Asperger Syndrome (cont.)
Melissa Conrad Stöppler, MD
Melissa Conrad Stöppler, MD, is a U.S. board-certified Anatomic Pathologist with subspecialty training in the fields of Experimental and Molecular Pathology. Dr. Stöppler's educational background includes a BA with Highest Distinction from the University of Virginia and an MD from the University of North Carolina. She completed residency training in Anatomic Pathology at Georgetown University followed by subspecialty fellowship training in molecular diagnostics and experimental pathology.
David Perlstein, MD, MBA, FAAP
Dr. Perlstein received his Medical Degree from the University of Cincinnati and then completed his internship and residency in pediatrics at The New York Hospital, Cornell medical Center in New York City. After serving an additional year as Chief Pediatric Resident, he worked as a private practitioner and then was appointed Director of Ambulatory Pediatrics at St. Barnabas Hospital in the Bronx.
In this Article
- Asperger's syndrome facts
- What is Asperger's syndrome?
- What causes Asperger's syndrome?
- How common is Asperger's syndrome?
- What are the signs and symptoms of Asperger's syndrome?
- How is Asperger's syndrome diagnosed?
- What are the risks or complications of Asperger's syndrome?
- What are the treatments for Asperger's syndrome?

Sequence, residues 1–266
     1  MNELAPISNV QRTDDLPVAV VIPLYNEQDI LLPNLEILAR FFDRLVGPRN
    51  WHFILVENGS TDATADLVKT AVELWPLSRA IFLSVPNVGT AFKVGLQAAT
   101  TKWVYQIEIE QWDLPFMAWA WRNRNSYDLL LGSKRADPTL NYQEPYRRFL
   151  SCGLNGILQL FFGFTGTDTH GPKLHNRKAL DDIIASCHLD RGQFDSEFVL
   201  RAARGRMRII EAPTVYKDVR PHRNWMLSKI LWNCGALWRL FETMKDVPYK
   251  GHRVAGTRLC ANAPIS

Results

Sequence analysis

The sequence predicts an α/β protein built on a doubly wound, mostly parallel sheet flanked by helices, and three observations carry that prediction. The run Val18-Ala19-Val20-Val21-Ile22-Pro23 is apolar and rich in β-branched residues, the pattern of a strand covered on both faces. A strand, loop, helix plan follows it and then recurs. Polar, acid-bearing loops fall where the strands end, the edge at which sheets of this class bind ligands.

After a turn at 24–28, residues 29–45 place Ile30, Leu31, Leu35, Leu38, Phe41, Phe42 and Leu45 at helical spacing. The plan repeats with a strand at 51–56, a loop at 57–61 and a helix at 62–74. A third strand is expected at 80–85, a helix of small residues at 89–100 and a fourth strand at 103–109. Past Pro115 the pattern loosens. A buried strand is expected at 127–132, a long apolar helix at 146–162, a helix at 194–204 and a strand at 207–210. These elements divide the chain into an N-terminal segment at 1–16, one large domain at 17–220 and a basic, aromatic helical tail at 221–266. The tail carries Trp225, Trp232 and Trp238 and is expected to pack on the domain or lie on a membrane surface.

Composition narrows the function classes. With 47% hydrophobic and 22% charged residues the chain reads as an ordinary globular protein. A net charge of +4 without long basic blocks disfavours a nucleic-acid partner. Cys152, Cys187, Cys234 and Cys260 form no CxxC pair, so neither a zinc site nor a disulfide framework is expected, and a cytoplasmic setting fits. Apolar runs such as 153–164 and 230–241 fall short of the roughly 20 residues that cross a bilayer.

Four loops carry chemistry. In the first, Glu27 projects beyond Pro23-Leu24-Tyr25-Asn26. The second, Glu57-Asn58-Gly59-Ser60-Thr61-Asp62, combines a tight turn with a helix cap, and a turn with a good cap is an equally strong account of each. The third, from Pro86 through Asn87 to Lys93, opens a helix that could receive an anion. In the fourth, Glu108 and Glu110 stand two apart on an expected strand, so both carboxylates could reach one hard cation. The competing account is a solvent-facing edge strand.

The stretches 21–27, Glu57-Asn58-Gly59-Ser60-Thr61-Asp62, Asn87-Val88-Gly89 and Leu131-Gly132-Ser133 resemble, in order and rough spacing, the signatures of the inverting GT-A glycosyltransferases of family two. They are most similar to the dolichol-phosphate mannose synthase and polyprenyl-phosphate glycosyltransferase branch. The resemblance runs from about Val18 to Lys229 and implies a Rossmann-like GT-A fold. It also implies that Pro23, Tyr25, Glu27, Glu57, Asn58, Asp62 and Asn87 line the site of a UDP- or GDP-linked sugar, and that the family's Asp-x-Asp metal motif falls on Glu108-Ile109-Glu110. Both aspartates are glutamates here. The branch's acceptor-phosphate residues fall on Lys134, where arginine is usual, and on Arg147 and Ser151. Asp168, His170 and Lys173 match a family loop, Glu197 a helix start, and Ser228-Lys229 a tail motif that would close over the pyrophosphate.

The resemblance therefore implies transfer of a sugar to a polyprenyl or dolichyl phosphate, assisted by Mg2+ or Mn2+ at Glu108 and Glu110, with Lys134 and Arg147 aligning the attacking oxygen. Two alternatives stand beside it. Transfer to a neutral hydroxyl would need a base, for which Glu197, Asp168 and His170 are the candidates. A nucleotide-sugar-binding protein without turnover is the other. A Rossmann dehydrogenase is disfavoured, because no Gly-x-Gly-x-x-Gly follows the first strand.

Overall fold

- What is the prognosis for Asperger's syndrome?
- Find a local Developmental-Behavioral Pediatrician in your town
What is the prognosis for Asperger's syndrome?
An estimation of the prognosis of Asperger's syndrome is difficult, if not impossible, since affected individuals have variable degrees of impairment, and the provision of treatment can dramatically improve the long-term outlook for people with Asperger's syndrome. In general, when social, behavioral, and educational support is provided as needed, people with Asperger's syndrome can be expected to lead happy and productive lives.
Centers for Disease Control and Prevention. "Autism Spectrum Disorders (ASDs)." 14 Nov. 2011. <http://www.cdc.gov/ncbddd/autism/index.html>.
CDC MMWR Surveillance Summaries. "Prevalence of Autism Spectrum Disorders -- Autism and Development Disabilities Monitoring Network." MMWR Surveillance Summaries 58.10 (2009): 1-20.
American Psychiatric Association. Diagnostic and Statistical Manual of Mental Disorders DSM-IV Fourth Edition. Washington, D.C.: American Psychiatric Association, 1994.
American Psychiatric Association. DSM-V Proposed Revisions.
Macintosh, K. E. and C. Dissanayake. "Annotation: The similarities and differences between autistic disorder and Asperger's disorder: a review of the empirical evidence." Journal of Child Psychology and Psychiatry, and Allied Disciplines 45.3 (2004): 421-434.
Attwood, Tony. The Complete Guide to Asperger's Syndrome. Great Britain: Jessica Kingsley Publishers, 2006.
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